• Failure to improve significantly by 72 hours-PRSS score decreased by <20% from entry (Day 1) to Day 4.
    • Still symptomatic (PRSS score ≥50% of entry score) at the time of the end-of-study follow-up visit (Days 12 to 18).

  • Number of Participants with Acute Otitis Media [ Time Frame: From Day 1 after randomization to day 11 ]
    Acute symptoms and a bulging tympanic membrane on Days 1 to 11.

  • Number of Participants who received systemic antibiotics for any indication [ Time Frame: From Day 1 after randomization to day 11 ]
    Receipt of an antibiotic (other than the assigned study medication) on Days 1 to 11 for any indication.

  • Adverse Events [ Time Frame: From Day 1 after randomization to Day 18 ]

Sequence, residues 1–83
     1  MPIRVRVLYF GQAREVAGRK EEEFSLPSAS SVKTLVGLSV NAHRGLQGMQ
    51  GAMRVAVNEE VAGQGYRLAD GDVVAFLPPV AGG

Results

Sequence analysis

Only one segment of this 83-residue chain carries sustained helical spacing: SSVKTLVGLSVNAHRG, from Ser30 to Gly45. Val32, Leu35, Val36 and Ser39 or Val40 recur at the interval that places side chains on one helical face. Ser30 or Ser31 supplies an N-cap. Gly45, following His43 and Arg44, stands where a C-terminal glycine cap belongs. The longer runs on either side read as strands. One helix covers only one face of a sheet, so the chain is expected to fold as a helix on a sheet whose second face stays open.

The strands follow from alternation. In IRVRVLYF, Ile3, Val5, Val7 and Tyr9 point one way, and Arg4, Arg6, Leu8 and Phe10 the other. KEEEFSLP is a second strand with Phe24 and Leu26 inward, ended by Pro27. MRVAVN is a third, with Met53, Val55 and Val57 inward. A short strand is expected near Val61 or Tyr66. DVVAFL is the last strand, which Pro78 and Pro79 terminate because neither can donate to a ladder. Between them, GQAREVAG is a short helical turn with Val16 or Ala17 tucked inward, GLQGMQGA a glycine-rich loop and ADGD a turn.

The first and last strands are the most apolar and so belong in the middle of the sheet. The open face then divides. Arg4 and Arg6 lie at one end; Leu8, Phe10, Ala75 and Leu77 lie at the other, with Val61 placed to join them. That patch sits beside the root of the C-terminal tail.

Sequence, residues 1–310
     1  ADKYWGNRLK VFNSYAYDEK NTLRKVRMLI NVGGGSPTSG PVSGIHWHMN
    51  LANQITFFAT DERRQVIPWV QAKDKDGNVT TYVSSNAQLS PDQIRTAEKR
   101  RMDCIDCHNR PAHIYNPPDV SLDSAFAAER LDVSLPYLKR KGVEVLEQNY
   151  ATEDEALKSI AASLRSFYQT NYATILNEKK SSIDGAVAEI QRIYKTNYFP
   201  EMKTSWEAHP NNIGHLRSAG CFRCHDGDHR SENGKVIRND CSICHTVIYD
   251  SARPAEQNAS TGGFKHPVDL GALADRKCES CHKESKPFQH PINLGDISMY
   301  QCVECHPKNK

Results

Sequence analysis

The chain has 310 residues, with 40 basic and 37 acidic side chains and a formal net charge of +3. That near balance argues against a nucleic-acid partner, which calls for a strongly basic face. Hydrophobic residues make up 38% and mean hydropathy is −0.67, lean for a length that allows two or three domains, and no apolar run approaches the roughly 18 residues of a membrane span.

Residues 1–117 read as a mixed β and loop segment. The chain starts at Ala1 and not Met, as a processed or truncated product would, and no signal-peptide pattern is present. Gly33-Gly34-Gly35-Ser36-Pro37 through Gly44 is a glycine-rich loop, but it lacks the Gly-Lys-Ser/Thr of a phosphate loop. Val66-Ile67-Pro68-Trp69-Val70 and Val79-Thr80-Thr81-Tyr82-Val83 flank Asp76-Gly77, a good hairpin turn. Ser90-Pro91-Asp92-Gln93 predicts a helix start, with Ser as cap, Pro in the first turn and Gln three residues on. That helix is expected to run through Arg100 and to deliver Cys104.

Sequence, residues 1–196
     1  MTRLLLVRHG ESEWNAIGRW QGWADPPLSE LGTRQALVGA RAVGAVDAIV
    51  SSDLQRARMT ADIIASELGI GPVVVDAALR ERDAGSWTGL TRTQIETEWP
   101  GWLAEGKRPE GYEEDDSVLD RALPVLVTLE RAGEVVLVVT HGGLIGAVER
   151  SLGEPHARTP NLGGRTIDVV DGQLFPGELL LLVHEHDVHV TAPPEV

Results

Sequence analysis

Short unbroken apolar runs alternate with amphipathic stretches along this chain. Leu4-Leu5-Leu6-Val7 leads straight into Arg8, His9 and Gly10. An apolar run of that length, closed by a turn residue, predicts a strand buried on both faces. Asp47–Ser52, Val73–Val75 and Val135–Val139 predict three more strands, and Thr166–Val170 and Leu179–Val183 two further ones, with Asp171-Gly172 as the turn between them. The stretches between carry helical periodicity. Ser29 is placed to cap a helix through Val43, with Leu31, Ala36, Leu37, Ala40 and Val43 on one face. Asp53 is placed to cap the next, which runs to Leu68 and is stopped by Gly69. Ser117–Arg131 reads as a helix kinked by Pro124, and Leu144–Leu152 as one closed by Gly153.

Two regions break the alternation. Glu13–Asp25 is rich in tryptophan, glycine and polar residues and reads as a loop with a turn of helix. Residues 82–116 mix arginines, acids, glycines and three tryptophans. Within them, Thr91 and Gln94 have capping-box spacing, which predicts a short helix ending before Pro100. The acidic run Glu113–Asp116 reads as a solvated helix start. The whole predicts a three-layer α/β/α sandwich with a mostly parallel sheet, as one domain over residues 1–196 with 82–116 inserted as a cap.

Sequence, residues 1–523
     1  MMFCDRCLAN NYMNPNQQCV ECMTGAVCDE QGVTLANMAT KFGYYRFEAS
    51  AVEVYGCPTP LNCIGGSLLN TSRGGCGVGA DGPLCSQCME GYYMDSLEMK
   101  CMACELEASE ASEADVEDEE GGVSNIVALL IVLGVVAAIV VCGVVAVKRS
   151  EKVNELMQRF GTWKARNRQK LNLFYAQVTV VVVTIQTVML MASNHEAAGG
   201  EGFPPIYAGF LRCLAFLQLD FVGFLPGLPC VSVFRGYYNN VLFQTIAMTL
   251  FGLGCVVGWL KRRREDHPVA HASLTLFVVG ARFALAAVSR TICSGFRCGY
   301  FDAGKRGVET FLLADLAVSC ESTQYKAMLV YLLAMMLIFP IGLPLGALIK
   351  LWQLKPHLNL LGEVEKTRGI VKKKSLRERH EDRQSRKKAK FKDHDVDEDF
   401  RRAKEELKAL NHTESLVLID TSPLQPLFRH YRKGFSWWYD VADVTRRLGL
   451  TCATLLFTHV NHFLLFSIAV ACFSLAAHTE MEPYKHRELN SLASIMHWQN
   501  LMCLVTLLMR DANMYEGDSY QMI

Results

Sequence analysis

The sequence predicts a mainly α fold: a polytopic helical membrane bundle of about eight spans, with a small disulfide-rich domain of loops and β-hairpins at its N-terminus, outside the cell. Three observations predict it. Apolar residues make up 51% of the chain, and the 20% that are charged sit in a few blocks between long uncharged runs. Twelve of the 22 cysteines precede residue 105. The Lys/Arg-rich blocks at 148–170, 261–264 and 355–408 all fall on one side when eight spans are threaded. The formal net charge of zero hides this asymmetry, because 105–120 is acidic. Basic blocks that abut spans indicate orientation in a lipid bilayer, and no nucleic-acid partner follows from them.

The proportions of children experiencing adverse events will be compared (protocol-defined diarrhea and Moderate or severe rash or other severe AE). Protocol-defined diarrhea will be defined as the occurrence of ≥3 watery stools in 1 day or 2 watery stools per day for 2 consecutive days, and will be tracked in the daily diary.

  • Proportion Compliant with Study Product [ Time Frame: From Day 1 after randomization to Day 18 ]
    Compliance - In the daily diary, the investigators will ask participants to record whether they administered the doses of study product. Administration of ≥70% of the doses will be considered compliant.


Other Outcome Measures:
  • Costs of Care [ Time Frame: From Day 1 after randomization to Day 18 ]
    Direct medical costs and indirect medical costs will be obtained.


Estimated Enrollment: 688
Study Start Date: February 2016
Estimated Study Completion Date: September 2020
Estimated Primary Completion Date: September 2020 (Final data collection date for primary outcome measure)
Arms Assigned Interventions
Active Comparator: Treatment A